home for her daughter
My husband (45 yrs old) and I (48 yrs old) have
a home on five acres that could probably be sold in the low $300,000
range. We have $130,000 left on the mortgage at 5 percent interest
rate with payments at $1,700/month including taxes for 12 more years.
I have just recently left a fairly lucrative career
as a registered nurse to home school my 13-year-old daughter. We
were paying $700 per month year-round for her to attend a local
private school. I can show her the world for $700/month and not
have her in such a competitive, popularity-contest environment.
Our question is: Should we consider paying cash
for a smaller house -- around $150,000 -- and invest the rest toward
retirement, possibly a target date fund? We have no other retirement
and felt this may be our only chance. What do you think? Thanks
-- Kim Crossroads
I won't pretend to know whether you home schooling
your daughter is the right decision. Nor can I tell you that leaving
your lucrative career as an RN is right for you or your family.
You've lined all that up and made those decisions. I will say that
you should keep up with your nursing skills so you can transition
back into nursing if that's your choice after your daughter gets
her high school diploma.
I can't make your math work on downsizing, paying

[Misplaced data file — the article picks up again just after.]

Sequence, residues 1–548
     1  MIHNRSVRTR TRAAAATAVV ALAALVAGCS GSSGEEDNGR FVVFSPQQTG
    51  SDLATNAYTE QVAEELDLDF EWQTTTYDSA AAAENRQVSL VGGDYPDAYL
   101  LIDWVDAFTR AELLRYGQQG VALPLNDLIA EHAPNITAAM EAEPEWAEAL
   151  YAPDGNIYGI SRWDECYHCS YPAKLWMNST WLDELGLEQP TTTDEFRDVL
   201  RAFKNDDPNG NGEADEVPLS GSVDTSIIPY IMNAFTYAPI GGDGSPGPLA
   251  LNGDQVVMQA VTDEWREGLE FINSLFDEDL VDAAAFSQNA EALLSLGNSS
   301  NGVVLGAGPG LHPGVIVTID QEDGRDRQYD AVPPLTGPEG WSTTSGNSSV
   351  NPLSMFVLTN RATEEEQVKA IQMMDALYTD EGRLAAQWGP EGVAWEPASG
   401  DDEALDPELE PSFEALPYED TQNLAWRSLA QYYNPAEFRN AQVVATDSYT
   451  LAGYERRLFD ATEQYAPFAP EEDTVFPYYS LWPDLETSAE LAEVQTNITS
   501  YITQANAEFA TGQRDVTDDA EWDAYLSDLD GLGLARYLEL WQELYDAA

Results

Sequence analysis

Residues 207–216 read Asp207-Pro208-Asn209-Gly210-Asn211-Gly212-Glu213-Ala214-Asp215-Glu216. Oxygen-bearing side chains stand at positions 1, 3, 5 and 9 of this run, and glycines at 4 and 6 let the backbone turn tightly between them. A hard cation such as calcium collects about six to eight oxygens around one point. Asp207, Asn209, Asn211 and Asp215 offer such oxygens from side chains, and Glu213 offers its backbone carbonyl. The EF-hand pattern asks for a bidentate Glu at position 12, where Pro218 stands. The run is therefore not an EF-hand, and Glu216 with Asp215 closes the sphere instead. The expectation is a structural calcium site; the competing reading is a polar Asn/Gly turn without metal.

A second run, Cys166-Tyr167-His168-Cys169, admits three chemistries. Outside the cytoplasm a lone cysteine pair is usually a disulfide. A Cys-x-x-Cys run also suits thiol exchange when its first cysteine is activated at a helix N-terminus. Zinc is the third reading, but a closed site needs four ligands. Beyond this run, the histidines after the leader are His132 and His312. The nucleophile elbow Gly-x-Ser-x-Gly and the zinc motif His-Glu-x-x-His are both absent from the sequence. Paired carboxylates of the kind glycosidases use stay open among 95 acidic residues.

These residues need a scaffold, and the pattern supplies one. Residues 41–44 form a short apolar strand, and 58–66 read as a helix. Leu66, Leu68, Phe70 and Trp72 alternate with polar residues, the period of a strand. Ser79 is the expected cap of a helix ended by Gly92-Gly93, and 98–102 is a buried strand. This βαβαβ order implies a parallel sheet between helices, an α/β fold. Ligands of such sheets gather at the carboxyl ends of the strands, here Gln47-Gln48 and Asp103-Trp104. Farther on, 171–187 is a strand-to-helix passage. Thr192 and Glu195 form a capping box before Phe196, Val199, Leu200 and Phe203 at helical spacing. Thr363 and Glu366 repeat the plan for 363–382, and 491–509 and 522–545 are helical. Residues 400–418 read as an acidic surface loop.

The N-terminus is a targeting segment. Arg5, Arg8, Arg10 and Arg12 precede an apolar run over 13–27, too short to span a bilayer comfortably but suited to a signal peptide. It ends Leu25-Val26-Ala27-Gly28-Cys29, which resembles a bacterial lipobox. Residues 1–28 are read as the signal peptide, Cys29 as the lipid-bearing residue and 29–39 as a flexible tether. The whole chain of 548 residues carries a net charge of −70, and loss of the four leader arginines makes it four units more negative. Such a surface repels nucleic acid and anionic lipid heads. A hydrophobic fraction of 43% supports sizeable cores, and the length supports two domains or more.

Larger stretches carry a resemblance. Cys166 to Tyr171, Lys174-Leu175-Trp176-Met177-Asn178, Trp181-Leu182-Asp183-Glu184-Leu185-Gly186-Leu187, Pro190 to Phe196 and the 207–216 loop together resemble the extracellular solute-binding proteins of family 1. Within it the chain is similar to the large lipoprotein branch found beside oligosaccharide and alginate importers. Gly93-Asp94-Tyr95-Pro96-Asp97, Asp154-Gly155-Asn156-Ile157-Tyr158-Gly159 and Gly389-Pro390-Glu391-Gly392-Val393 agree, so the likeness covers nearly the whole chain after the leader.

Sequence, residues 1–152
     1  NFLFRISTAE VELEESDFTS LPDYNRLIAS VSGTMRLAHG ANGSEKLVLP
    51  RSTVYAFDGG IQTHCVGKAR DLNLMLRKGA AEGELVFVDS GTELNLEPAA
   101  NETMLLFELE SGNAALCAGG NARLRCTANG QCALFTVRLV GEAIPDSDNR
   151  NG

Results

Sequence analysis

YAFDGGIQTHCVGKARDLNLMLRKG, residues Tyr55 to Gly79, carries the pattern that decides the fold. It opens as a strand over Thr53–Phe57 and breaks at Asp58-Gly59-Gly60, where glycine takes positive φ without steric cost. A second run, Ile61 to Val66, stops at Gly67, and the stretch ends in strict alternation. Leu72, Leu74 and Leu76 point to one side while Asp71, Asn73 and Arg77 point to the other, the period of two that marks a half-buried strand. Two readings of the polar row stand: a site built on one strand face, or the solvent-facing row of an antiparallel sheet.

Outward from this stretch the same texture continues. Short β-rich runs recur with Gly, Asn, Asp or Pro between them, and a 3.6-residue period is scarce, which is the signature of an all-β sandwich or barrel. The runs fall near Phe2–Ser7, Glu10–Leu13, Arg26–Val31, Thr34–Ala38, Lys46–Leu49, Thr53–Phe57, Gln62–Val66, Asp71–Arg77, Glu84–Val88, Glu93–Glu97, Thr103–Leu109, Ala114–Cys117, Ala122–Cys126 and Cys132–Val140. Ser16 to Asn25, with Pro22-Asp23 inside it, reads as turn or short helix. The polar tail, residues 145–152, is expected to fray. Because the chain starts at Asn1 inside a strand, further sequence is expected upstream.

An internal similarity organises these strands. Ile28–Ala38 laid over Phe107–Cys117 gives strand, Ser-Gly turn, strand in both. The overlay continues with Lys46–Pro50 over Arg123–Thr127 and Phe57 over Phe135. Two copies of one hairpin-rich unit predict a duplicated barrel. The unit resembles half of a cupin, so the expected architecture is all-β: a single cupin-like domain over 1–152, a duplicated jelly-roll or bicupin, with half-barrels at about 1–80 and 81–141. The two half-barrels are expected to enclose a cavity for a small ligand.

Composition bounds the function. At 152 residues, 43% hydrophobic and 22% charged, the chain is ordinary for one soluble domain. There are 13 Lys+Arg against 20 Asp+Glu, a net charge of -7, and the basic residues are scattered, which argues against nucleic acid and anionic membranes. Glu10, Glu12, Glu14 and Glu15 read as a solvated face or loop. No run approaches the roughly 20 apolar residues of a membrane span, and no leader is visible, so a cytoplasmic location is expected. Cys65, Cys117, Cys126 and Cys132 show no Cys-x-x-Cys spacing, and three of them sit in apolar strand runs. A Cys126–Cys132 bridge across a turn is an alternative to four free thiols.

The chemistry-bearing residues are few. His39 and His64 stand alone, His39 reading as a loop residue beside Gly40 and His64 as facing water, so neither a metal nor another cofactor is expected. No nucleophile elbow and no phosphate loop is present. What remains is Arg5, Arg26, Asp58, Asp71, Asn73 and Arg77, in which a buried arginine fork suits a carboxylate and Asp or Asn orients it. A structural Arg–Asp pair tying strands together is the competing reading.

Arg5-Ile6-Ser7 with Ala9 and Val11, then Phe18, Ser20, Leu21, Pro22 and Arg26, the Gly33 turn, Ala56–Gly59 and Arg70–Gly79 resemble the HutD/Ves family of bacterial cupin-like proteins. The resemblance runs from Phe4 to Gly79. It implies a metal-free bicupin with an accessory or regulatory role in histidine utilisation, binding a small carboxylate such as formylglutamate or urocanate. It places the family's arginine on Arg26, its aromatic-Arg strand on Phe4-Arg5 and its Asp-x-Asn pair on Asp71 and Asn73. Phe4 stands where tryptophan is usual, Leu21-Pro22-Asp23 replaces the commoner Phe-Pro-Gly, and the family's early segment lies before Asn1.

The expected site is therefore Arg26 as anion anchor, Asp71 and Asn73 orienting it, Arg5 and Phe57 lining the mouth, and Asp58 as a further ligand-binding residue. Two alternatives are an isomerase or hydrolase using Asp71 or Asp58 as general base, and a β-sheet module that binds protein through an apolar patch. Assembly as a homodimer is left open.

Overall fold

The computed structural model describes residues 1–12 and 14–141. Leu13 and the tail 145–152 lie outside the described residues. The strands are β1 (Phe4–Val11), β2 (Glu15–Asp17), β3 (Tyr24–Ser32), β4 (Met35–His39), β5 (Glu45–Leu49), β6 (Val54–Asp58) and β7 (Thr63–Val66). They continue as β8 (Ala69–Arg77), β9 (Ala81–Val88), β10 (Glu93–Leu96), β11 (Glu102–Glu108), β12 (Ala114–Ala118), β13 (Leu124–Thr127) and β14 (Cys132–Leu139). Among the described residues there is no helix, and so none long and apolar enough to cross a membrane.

cash for the new house, and investing the leftover money for your
retirement. If you buy a $150,000 home for cash with the $170,000
you have in equity on your current home, there's only $20,000 remaining
to invest for retirement. Invest that for 20 years to earn 7.5 percent
annually in real returns in the stock market and you'll wind up
with about $85,000 in today's dollars when you're age 65.
It's a start, but $20,000 invested in your mid forties
isn't going to earn enough to ensure a particular standard of living
in retirement. Put your money in a target-date mutual fund and you're
not likely to match that 7.5 percent in real returns because you'll
have a blend of stocks, bonds and cash that varies over time as
you approach your target retirement date.
That doesn't mean that downsizing isn't the answer
in becoming a single-income family for at least the next four to
five years. Put together two monthly spending plans; one with you
staying in your current home and one with you in the new home, and
look at what downsizing allows you to accomplish. Remember that
your home, besides being shelter, is also an investment and downsizing
cuts that real estate investment in half.
I recommend spending a little money talking to a fee-only
financial planner to decide how best to put all this together. An
earlier Dr. Don column, "Picking
a financial adviser," discusses choosing a financial adviser.
To ask a question of Dr. Don, go to the "Ask
the Experts" page, and select one of these topics: "Financing
a home," "Saving & investing" or "money."